To Have And To HODL: A Beginner’s Guide To Buying Your First Cryptocurrency

Cryptocurrencies and blockchain technology have hit the mainstream. Celebrities are scrambling to hop onto the trend and are buying up NFT avatars to use online, while investors everywhere are buying the recent “dip” in bitcoin and altcoins. But not everyone is already “in” when it comes to crypto.

For those who haven’t taken the leap of faith into the next generation of money but want to learn about holding for the long haul, we’ve put together this beginner’s guide to buying your first cryptocurrency.

Understanding The Risks

Bitcoin and other cryptocurrencies are positioned as the future of finance. The general consensus is that it is still relatively early to invest in these technologies, which presents a high reward setup that doesn’t come without plenty of risk.

Cryptocurrencies are highly volatile, which is why many investors are advised to simply HODL (hold on [for] dear life). Other common and careful advice includes never investing more than you can comfortably afford to lose.

The final risk most often associated with cryptocurrencies is related to where you actually store the assets. The private keys protecting digital assets live online only, making them easily accessible by hackers and easy to lose access to. Users must store these private keys either themselves in an online hot wallet or cold storage wallet, or trust a third-party cryptocurrency exchange to custody the keys instead. Such exchanges could be vulnerable to a hack; however, new solutions are appearing as Bitcoin matures, such as Bitcoin ETFs that offer investors exposure to bitcoin price without needing to own the underlying asset.

Choosing A Coin

Not all cryptocurrencies are created equal. Each cryptocurrency has unique attributes, communities, or use cases. Bitcoin, for example, is primarily a store of value or payment currency, with a supply of only 21 million. Ethereum, on the other hand, has a supply of over 119 million and can run smart contracts. Other altcoins offer a variety of comparable or unique attributes.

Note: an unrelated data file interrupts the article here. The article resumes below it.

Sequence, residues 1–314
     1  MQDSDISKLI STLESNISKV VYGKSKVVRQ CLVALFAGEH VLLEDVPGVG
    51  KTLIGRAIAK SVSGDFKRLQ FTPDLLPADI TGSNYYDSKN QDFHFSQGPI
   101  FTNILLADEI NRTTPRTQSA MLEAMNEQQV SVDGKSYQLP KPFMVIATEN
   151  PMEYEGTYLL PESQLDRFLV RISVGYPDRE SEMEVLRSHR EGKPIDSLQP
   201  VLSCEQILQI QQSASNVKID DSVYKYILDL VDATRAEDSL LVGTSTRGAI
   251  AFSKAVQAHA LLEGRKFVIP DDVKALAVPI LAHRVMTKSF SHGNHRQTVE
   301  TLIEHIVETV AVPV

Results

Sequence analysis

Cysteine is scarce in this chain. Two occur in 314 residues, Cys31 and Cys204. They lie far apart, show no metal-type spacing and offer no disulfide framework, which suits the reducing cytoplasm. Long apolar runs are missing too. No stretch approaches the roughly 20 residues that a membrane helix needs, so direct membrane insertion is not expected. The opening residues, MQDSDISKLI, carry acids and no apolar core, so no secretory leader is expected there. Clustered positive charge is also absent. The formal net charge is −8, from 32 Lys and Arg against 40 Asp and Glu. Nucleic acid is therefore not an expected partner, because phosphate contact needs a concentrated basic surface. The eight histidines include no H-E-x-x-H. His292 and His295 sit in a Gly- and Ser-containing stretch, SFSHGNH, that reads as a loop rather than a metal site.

No cryptocurrencies are immune to risk; however, the risk may increase further down the list of cryptocurrencies ranked by market cap you go. When approaching cryptocurrencies, investors should consider starting at the top with Bitcoin and Ethereum. The two primary crypto assets command the most market capitalization and provide the most liquidity and regulatory acceptance.

For those reasons, Bitcoin has primarily begun to gain greater traction with institutional investors, hedge funds, corporations, and more. Further research should be done into each individual cryptocurrency by individual investors before making a final decision on which to approach.

Where To Buy Bitcoin?

Where you ultimately purchase bitcoin is up to you. But be certain to put as much effort into researching and exploring your options as you would considering which coins to pick and choose. The platform you purchase from is often where many investors choose to store their assets – so security and reputation are everything.

The best advice is to seek a company or platform with a history or track record of servicing customers or any platform that offers the convenience of managing other types of financial accounts in the same place.

Avoid Bitcoin ATMs that charge massive fees and then leave it up to you to protect your coins. Also, never exchange bitcoins with someone you don’t know and avoid peer-to-peer platforms like LocalBitcoins.

With all of this in mind, you are ready to buy your first cryptocurrency.

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